3 Business Lessons to Learn From Cartoons

3 Business Lesson to Learn from CartoonsI admit it. I am a cartoon-aholic. That’s right. I’m a married woman with a job and I am addicted cartoons. I am a most definitely a child at heart. After a hard day at work, you can often find me lost in an episode of Spongebob, Phineas & Ferb or even The Fairly Odd Parents. And I can’t even blame my obsession on the need to monitor what my kids are watching because I don’t have any kids!

However, when someone does feel the need to question my cartoon fandom, the response rolls of my tongue. “Cartoons make me a better business woman.” And no, it is not a lie because buried deep within the inexplicable recoveries from “fatal” injuries and nonsensical plots are life lessons that can be applied to the world of business. Don’t believe me? Check these out:

 Phineas & Ferb : For those who are unaware Phineas & Ferb is a Disney cartoon  in which two young boys create out-of-this world inventions during their summer break from school. A recurring scene in each episode is one in which the boys order some gadgets that are not age appropriate. The person delivering the gadgets usually says something such as, “Aren’t you a little young to build a roller coaster?” to which Phineas replies with “Yes, yes we are.” And then of course, Ferb and Phineas go ahead and build it anyway.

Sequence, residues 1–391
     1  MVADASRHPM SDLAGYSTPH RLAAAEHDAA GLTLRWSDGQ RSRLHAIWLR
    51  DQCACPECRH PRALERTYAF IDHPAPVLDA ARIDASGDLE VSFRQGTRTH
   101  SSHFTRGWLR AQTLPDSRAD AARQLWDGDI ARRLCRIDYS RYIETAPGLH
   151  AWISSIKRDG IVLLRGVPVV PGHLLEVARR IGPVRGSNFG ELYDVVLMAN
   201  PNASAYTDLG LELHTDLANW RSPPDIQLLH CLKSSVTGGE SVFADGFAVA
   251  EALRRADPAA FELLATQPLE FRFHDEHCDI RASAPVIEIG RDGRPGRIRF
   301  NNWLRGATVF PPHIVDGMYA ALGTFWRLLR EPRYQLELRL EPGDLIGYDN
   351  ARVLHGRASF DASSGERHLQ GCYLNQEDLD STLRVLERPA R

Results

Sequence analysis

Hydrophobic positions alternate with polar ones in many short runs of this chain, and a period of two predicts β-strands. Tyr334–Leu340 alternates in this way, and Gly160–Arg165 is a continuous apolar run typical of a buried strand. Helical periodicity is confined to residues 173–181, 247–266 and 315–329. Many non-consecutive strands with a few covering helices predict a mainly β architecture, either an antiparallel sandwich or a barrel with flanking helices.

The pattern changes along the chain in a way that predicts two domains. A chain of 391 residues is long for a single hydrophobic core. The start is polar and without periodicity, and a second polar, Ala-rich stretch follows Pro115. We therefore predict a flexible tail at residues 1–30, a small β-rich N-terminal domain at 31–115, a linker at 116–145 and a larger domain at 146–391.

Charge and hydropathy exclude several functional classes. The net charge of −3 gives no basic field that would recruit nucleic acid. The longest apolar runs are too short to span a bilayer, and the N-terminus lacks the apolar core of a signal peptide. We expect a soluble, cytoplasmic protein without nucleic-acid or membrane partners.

The Business Lesson:  The only limitations are the ones you set.  Phineas & Ferb could have easily let something such as age or money get in their way. However, they realized age was no reason for them to limit their master plan. Most importantly, age was no reason to put a limit on their potential.Therefore things such as age, money, accessibility, etc. should not put a limit on the growth of your business. If you don’t allow it to be a limitation, it won’t be.

Arthur: I have to admit this one is a bit embarrassing, but I can’t help but love the simplistic nature of the show. Arthur is a show about an 8-year old aardvark and his daily interactions with friends and family. Arthur has a friend named Fern who enjoys writing poems for cards. Another character, Muffy, is impressed by the poems Fern writes and decides they should go into business together by selling cards with special poems to people at the school. Because the product hit close to home, Fern was able to churn out heartfelt poems and the business made a big profit.

The Business Lesson: Find your passion and you’ll find your business.  Fern wasn’t looking to start a business per say, but when Muffy presented her with the opportunity, she couldn’t help but say yes. And because her heart was in it, she was able to churn out a fabulous product effortlessly. It’s funny that 8-year old cartoon characters grasped the concept of following their passion at such a young age, meanwhile adults struggle to find a business when it’s usually right in front of them.